The Trump Administration Must Not Use Pandemic as Excuse to Endanger Refugees

Over the past two years, the Trump administration has waged unrelenting attacks on people fleeing persecution, introducing a barrage of cruel and illegal border policies that have decimated access to asylum in the United States.

These policies have placed asylum seekers directly in the crosshairs of the COVID-19 pandemic, their health and safety at greater risk than ever.

The Trump administration wants to use this unprecedented moment to double down and gut our asylum system beyond recognition. We cannot allow that to happen. 

Asylum seekers arriving at our southern border already face a patchwork of draconian policies that have limited or completely denied them entry to the U.S. to seek protection here, leaving them vulnerable to myriad dangers.

Last fall, we wrote about the administration’s disastrous Migrant Protection Protocols (MPP)—which force asylum seekers to await their U.S. court dates in Mexico.

Since this program launched last year, over 60,000 asylum seekers have been returned to Mexico, where they struggle for safety and survival in some of that country’s most dangerous border cities. Thousands of asylum seekers awaiting MPP hearings are languishing in crowded and unsanitary refugee camps and migrant shelters where a COVID-19 outbreak would be utterly devastating.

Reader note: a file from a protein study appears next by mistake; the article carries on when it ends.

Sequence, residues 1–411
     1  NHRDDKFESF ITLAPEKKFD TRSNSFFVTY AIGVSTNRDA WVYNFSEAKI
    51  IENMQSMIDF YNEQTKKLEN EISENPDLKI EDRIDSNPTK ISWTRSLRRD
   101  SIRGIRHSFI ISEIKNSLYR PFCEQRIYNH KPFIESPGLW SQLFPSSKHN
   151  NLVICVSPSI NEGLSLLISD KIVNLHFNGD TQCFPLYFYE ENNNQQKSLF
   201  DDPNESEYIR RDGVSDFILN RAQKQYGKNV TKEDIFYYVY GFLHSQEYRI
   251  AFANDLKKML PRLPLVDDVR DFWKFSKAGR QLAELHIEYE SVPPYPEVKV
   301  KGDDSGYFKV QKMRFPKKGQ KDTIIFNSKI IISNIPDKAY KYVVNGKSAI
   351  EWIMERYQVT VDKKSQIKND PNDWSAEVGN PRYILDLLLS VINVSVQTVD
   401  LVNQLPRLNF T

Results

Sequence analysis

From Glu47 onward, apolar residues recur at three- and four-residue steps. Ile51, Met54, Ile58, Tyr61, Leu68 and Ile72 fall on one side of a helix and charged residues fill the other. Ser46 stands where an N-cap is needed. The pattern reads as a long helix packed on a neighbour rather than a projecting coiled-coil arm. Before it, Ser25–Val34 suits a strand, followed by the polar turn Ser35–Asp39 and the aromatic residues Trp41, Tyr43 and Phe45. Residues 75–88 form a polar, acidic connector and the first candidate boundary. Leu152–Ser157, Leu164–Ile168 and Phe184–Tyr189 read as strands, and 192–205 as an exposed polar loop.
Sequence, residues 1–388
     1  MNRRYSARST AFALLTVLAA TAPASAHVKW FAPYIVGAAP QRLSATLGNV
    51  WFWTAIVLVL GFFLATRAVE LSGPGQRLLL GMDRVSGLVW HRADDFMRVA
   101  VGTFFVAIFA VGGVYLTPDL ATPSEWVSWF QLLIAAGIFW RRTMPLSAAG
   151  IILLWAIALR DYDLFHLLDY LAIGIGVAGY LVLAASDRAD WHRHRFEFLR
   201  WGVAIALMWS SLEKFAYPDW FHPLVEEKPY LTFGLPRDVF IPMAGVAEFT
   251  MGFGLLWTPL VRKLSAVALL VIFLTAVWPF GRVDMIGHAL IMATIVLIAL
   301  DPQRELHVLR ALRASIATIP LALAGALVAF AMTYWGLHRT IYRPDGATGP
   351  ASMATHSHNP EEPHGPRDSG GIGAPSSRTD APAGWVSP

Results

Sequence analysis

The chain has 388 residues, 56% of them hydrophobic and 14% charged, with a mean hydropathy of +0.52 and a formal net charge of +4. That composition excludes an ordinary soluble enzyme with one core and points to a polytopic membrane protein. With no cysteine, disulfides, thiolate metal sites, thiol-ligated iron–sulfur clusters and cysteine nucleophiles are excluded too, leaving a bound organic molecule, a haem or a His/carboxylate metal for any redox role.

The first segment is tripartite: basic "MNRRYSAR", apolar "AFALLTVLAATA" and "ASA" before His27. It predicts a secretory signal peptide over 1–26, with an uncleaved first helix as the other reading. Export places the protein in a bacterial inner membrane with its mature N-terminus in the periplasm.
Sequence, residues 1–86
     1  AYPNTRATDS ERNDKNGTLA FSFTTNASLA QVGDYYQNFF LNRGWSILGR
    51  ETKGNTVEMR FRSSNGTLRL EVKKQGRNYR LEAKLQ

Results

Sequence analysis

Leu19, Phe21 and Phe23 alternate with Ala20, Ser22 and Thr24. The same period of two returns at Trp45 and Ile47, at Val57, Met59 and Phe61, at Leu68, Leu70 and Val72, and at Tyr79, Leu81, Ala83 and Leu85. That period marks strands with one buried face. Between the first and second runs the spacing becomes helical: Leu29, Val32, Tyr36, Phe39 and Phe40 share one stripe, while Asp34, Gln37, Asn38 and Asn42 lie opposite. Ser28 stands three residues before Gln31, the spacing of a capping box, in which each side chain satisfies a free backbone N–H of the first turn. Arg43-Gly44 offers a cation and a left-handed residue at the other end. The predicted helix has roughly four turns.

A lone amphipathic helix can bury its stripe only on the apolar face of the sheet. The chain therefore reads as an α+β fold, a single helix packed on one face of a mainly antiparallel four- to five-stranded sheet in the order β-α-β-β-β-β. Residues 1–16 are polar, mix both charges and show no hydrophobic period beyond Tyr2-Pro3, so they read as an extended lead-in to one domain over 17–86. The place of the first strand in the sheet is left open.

Multiple courts have ruled that MPP violates U.S. law, as well as international obligations under the 1967 Refugee Protocol.

Our organization, the Center for Gender and Refugee Studies (CGRS), the ACLU and the Southern Poverty Law Center won an injunction in our lawsuit against the policy nearly a year ago—which was upheld in large part by the Ninth Circuit last month.

But the Trump administration has fought us every step of the way and, in what is increasingly its strategy, it has asked the Supreme Court to weigh in.

On March 11, the Supreme Court did intervene, allowing MPP to continue until the high Court decides whether to review the case.

This has left asylum seekers in grievous harm’s way: Human rights watchdogs have now documented over 1,000 public reports of murder, rape, kidnapping and other violent assaults against asylum seekers returned to Mexico under MPP, a number that represents just the tip of the iceberg.

This disastrous situation has been made worse by the administration’s announcement on March 23 that it would be postponing all MPP hearings, indefinitely prolonging asylum seekers’ exposure to these dangers—which the threat of COVID-19 has compounded exponentially.

The Trump Administration’s Continual War on Asylum-Seekers

MPP is only one in a constellation of policies the Trump administration has implemented to restrict access to asylum.